“The crisis under discussion has provoked debates and international complaints, but insufficient effective actions,” the archbishop told the 4th Special Session of the Human Rights Council in Geneva on Dec. 12.
“The victims are not just statistics; they are real people. Indeed the priority is action to end the killings and the abuses over political arrangements and commercial interests,” he said.
He said the Vatican has been following the situation in Darfur for the last three years “with grave concern” and he urged that active cooperation be put in place among the UN, the African Union, and the Sudanese government in order to end the violence in Darfur, to improve relations among the countries of the region and to enable the people to rebuild their lives.
“The situation on the ground, as a variety of official and private first-hand witnesses indicates, shows a horrific violation of human rights: killing of children, sexual abuse and rape of girls and women, forced uprooting of population, burning of villages, attacks on Internally Displaced People camps, targeting of unarmed civilians,” said the archbishop.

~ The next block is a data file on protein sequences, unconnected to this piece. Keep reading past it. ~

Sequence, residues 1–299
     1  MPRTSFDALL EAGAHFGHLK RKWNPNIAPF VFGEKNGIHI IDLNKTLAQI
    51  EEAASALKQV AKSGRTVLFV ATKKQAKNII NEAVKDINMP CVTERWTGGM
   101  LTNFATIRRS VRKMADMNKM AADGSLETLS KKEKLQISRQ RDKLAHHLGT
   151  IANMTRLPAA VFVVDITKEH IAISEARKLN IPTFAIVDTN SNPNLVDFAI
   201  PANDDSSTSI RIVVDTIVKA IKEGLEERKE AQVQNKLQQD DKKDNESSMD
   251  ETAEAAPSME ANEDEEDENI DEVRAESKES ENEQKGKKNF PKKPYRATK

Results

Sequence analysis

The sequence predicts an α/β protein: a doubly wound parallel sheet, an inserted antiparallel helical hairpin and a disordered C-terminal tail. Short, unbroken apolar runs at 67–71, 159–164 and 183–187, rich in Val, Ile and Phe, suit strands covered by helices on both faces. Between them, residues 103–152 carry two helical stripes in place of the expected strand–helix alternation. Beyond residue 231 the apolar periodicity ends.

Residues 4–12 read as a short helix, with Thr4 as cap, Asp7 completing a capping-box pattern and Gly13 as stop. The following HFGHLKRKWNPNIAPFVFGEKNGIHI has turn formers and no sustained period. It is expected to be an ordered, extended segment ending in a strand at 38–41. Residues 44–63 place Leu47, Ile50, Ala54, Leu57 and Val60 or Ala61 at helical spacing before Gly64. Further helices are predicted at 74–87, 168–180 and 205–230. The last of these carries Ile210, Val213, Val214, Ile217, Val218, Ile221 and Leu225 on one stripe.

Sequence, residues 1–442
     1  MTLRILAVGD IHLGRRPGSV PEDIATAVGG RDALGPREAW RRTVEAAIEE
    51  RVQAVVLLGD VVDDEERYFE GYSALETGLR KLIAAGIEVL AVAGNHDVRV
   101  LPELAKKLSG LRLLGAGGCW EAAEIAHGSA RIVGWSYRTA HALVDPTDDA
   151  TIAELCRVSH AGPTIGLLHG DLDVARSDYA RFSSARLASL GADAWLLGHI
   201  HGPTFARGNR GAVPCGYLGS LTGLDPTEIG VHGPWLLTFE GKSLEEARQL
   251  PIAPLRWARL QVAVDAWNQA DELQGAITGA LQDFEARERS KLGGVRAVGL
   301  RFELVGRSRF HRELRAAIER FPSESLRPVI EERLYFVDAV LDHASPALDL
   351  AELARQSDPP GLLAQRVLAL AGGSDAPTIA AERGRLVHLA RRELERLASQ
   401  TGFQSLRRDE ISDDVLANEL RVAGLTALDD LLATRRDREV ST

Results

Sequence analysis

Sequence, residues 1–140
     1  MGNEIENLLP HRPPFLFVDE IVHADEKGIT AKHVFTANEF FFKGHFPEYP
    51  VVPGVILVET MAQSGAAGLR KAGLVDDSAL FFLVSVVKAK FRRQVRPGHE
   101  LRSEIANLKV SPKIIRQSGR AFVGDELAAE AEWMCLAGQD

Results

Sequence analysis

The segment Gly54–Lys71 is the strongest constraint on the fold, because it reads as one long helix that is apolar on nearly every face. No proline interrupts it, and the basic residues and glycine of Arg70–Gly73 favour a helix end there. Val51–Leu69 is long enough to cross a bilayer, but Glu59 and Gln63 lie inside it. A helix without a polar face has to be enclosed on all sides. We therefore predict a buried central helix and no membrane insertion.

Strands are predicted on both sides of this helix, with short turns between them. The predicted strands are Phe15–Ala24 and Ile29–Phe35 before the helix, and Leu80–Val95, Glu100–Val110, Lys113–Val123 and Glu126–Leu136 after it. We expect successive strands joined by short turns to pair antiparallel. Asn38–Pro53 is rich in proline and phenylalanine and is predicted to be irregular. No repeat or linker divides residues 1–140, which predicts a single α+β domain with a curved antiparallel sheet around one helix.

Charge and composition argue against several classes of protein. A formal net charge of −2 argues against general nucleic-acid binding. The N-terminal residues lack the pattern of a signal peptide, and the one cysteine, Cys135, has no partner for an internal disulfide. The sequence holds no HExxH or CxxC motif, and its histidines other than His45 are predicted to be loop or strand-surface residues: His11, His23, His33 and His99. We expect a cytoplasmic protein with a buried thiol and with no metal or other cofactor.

He added that the disruption of agriculture greatly limits the production of food and, “as the danger of regional destabilization increases, traumatized refugees find it harder to start life again.”
“The Darfur conflict is a major humanitarian challenge of huge proportions, but also an opportunity to address in a new collaborative way endemic problems so as to create a future of hope for Sudan and for the entire African continent,” he said.
.- It’s a lot of talk but no action when it comes to the international community's reaction to the devastating situation in Darfur, Archbishop Silvano Tomasi, Permanent Observer of the Holy See to the United Nations offices in Geneva, said this week.